Arduino Microcontroller Projects

Below I list some projects for the Arduino microcontrollers that can be used in a Physics or Engineering laboratory as well as projects for the hobbiest.

Measuring an objects acceleration and storing the data

In this project we use the Arduino Nano
and the MPU-6050 accelerometer.
The Arduino Nano receives the data from
the accelerometer via the I2C
SDA and SCL pins.
The wire connections are very
simple as shown in the figure on the right:
To program the Arduino and read the output, we use a Raspberry Pi. The Arduino Nano is programmed with the code: Accelnano.ino
using the Arduino IDE software. The serial monitor is set to ttyUSB0, which writes the data on the Raspberry Pi to the dev file: /dev/ttyUSB0. The data sent to ttyUSB0 are the byte values from the accelerometer registers. The byte values are read by the c code: usb0read.c .

After reading the byte values, the code calculates the x-, y-, and z- components of the acceleration in units of cm/s2.

Sending Data from the Arduino Nano via Bluetooth

In this project we check the bluetooth function
of the Arduino Nano. The bluetooth module HC-05,
or HC-06 is connected to the Nano as shown in
the figure on the right. We use pin D2 to transmit
the data from the Nano, which is connected to the
RX pin of the HC-05. Pin D3 would receive data
from the HC-05 and is connected to the TX pin of
the HC-05. The 1K and 2K Ohm resisters serve as
a voltage divider, since the RX pin of the HC-05 can
only handle 3.3 Volts. The voltage on the digital pins
on the Nano are 0 or 5 volts. The battery connected to
VIN consists of four AA batteries yielding 6 volts. A
voltage converter in the Nano reduces this value to 5 volts
for the Nano's operating voltage.
To program the Arduino for testing the bluetooth interface, we use a Raspberry Pi. The Arduino Nano is programmed with the code: BTexample.ino
using the Arduino IDE software. The unsigned char variable "nbyte" is incremented by one and sent to the bluetooth module. This byte is sent out via serial bluetooth. The byte is recieved and read by the Raspberry Pi from the dev file /dev/rfcomm0 using the C code: rfcommserial0.c.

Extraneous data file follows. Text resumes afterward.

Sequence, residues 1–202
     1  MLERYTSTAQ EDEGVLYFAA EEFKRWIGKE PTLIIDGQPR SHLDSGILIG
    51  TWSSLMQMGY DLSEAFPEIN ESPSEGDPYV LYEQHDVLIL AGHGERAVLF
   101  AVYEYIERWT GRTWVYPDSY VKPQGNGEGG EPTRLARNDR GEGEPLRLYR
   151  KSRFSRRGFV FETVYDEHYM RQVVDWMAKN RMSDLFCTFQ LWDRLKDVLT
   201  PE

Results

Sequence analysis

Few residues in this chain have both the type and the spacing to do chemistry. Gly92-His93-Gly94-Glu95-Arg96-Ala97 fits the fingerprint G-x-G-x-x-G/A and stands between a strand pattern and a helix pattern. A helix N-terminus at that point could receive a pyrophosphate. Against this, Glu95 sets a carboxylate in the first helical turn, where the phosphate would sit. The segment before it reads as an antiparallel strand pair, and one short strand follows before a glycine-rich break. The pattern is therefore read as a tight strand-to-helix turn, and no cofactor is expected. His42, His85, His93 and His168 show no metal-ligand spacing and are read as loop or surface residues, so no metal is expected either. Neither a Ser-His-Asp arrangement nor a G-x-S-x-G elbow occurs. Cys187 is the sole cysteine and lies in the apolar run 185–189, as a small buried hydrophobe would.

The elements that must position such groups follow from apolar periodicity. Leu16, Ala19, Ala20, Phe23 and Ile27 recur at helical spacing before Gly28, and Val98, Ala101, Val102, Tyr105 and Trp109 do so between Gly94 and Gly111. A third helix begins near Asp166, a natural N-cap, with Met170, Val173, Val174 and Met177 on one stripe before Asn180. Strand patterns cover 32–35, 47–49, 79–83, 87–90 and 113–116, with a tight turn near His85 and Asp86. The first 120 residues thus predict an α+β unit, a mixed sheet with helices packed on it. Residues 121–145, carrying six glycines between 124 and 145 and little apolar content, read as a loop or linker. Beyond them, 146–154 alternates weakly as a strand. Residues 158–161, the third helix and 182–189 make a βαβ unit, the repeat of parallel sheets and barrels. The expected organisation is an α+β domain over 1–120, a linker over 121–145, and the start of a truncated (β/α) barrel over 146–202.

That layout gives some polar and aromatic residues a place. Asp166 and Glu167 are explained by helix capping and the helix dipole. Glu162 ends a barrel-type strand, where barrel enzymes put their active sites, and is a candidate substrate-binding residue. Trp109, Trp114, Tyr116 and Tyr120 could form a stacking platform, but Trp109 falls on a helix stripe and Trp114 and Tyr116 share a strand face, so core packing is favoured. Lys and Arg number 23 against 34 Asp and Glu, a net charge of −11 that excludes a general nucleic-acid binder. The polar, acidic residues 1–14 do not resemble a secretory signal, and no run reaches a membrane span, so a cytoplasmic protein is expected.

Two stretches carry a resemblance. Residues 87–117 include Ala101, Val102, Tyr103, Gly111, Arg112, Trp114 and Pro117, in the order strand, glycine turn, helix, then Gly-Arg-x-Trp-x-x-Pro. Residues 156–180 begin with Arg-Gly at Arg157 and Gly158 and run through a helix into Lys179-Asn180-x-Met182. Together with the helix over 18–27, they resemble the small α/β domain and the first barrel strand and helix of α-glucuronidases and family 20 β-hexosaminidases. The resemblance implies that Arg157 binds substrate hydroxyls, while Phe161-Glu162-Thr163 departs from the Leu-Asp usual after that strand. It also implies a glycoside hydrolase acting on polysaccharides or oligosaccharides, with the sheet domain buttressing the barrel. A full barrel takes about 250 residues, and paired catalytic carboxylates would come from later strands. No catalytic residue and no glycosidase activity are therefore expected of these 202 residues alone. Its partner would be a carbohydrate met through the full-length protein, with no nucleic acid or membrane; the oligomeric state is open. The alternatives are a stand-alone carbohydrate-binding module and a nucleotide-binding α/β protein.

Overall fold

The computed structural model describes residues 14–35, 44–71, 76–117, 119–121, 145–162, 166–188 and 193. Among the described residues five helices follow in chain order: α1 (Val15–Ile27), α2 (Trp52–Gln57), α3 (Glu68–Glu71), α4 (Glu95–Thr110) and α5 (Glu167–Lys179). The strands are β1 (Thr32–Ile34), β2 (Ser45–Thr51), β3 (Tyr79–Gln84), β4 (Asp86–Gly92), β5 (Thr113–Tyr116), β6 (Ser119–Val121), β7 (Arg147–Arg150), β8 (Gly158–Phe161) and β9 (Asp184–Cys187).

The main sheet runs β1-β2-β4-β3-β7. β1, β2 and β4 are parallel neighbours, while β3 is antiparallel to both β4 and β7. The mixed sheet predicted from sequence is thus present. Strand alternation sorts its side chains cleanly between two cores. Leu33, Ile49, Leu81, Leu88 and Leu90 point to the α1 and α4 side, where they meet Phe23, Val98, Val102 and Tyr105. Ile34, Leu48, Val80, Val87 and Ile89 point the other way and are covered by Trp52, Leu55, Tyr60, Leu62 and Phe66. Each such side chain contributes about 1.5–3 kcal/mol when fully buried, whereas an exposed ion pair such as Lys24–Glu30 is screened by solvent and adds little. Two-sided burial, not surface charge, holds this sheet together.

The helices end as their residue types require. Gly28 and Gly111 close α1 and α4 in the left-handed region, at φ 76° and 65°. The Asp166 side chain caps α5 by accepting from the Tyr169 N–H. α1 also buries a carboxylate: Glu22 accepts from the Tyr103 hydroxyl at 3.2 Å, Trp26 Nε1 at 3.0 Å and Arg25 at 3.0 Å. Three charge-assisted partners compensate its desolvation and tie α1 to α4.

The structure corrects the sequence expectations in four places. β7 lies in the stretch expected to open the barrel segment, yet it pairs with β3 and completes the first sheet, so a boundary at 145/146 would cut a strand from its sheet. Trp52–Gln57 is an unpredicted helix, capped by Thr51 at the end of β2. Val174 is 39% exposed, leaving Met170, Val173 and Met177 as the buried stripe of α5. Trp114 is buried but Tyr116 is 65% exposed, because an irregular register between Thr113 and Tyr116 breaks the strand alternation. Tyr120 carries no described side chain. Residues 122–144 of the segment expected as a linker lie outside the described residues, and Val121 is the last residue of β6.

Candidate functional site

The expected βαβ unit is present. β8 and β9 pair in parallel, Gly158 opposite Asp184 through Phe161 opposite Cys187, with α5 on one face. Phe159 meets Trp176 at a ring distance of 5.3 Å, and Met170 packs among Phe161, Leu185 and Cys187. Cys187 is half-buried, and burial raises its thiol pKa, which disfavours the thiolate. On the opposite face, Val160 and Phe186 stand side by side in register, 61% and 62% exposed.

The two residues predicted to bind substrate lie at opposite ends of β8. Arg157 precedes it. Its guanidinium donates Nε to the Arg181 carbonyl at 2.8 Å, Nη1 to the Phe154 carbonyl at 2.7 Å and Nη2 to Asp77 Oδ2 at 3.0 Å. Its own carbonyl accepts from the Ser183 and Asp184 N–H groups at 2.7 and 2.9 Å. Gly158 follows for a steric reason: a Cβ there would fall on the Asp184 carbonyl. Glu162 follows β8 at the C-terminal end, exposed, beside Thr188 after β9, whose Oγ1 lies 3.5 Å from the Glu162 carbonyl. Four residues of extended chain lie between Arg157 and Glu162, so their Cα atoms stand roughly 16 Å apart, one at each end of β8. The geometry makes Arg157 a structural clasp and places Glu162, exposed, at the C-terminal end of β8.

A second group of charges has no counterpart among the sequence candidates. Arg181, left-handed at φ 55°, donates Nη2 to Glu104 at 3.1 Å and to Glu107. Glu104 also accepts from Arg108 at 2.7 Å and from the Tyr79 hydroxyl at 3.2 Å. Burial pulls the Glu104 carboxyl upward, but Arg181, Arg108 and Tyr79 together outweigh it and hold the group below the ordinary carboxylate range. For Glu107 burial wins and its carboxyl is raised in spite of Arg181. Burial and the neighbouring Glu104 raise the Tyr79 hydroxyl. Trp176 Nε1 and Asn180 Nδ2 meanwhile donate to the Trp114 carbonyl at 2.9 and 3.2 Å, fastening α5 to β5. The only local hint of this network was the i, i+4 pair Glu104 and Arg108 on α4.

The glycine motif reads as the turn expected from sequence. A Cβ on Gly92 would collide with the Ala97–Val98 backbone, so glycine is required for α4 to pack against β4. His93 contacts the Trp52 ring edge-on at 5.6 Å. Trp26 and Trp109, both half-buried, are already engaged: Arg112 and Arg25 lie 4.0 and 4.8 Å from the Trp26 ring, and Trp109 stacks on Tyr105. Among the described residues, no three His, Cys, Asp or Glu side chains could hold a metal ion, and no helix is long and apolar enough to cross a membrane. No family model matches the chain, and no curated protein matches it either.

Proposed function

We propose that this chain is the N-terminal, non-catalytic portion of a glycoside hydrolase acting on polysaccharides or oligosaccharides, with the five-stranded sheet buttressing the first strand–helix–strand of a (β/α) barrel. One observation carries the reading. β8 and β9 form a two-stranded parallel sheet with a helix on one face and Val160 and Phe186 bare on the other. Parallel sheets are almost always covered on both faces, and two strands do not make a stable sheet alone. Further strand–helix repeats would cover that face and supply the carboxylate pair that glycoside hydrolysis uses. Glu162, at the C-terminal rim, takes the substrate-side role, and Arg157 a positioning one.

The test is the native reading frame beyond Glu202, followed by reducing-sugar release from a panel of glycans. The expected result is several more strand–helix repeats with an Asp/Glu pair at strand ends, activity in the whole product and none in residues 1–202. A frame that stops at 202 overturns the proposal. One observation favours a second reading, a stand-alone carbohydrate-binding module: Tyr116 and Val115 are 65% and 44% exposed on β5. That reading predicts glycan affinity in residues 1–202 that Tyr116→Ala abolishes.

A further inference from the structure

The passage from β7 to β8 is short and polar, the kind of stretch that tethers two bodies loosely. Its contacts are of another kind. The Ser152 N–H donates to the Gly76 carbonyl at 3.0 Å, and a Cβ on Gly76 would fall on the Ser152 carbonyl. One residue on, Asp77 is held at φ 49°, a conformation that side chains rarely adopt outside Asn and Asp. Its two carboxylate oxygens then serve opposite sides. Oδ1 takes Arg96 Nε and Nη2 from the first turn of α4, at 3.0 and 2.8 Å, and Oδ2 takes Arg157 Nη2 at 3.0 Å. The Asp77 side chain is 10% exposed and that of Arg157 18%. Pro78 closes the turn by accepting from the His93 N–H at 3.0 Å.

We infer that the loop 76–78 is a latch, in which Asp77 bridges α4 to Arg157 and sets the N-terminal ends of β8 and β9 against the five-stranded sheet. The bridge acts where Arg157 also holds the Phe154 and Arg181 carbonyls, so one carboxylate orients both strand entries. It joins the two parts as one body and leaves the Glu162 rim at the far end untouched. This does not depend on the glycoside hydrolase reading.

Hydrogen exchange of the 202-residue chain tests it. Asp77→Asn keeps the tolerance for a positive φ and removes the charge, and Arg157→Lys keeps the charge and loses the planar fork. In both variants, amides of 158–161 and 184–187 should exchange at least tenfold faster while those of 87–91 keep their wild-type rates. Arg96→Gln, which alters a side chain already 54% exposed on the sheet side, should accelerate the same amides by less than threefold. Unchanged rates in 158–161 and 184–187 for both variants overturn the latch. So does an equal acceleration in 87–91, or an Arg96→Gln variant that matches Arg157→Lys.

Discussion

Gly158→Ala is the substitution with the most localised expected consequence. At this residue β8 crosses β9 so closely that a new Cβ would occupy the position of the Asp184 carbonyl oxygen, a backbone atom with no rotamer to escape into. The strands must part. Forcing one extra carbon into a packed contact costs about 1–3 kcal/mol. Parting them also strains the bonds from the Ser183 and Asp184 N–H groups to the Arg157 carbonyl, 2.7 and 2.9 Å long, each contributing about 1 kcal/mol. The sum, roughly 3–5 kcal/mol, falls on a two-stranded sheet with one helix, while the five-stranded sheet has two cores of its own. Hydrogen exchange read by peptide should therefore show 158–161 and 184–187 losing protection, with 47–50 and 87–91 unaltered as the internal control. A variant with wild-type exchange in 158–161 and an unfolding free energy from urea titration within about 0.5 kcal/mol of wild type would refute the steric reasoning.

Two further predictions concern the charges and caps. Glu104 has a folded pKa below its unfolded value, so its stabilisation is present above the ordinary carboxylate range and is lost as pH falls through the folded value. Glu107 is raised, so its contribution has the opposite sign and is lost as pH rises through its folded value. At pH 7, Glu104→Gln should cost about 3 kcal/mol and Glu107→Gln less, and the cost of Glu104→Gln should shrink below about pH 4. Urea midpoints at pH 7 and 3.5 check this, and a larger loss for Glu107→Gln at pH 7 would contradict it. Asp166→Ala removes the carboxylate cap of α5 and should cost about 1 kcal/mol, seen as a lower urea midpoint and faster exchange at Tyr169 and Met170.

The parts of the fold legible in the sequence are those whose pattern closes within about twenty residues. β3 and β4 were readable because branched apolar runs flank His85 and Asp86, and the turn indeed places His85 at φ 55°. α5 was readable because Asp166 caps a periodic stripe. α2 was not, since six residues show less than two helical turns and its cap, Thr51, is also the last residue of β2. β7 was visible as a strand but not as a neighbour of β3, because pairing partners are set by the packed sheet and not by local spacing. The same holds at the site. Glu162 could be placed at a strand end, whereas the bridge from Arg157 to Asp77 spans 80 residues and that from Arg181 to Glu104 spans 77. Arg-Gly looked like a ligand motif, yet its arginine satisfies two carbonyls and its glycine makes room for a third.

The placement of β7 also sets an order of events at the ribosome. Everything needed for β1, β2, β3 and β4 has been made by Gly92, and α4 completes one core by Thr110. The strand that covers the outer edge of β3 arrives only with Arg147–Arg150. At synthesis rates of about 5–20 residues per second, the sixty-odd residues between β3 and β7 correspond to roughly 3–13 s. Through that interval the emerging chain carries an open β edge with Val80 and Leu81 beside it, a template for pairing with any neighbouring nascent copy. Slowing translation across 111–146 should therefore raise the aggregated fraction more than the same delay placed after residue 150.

Accelerometer using the Arduino Nano and
Bluetooth data transfer

In this project we use the Arduino Nano
with the MPU-6050 accelerometer and the
HC-06 (or HC-05) bluetooth module to measure
acceleration and transfer the data via bluetooth.
The Arduino Nano receives the data from
the accelerometer via the I2C
SDA and SCL pins. The bluetooth module HC-05,
or HC-06 is connected to the Nano as shown in
the figure on the right. We use pin D2 to transmit
the data from the Nano, which is connected to the
RX pin of the HC-05. Pin D3 would receive data
from the HC-05 and is connected to the TX pin of
the HC-05. The 1K and 2K Ohm resisters serve as
a voltage divider, since the RX pin of the HC-05 can
only handle 3.3 Volts. The voltage on the digital pins
on the Nano are 0 or 5 volts. The battery connected to
VIN consists of four AA batteries yielding 6 volts. A
voltage converter in the Nano reduces this value to 5 volts
for the Nano's operating voltage.

To program the Arduino and read the output, we use a Raspberry Pi. The Arduino Nano is programmed with the code: BTaccel.ino
using the Arduino IDE software. The six byte values for ax, ay and az are sent to the bluetooth module via serial bluetooth. The bytes are received and read by the Raspberry Pi from the dev file /dev/rfcomm0 using the C code: BTaccelread.c.

After reading the byte values, the code calculates the x-, y-, and z- components of the acceleration in units of cm/s2.

Sample code for fast timing

Often is it desirable to measure time or time intervals with high precision. The Arduino program Timertest.ino is a templet which shows how to count the processor clock cycles. We use the timer1 function, which increases the unsigned int TCNT1 by one unit. The rate of increase is determined by the set prescaler. We set up the timer1 overflow interupt, ISR(TIMER1_OVF_vect). Once TCNT1 is increased from 65535 to 65536 (causing an overflow), the overflow interrupt function is executed and TCNT1 returns to 0. For every overflow of TCNT1, the unsigned int tim1 is increased by one. Once tim1 is increased from 65535 to 65536 (causing it to overflow), then the unsigned int tim2 is increased by one.

The overflow interrupt therefore produces two unsigned int variables tim1 and tim2. These two variables along with TCNT1 yield a 48 bit counter that increases at the rate set by the prescaler. in Timertest.ino we have set the prescaler to 1, TCCR1B |= (1 << CS10);. With the prescaler set at 1, TCNT1 increases at a rate of 16X106 times per second. The three 16 bit numbers (tim2, tim1, and TCNT1) are each separated into their bytes (t0, t1, t2, t3, t4, and t5) and sent via serial to be re-combined for an accurate time stamp. One can reduce the timing rate by changing the prescaler. If the prescaler is changed, then one might need fewer bytes for the timing.

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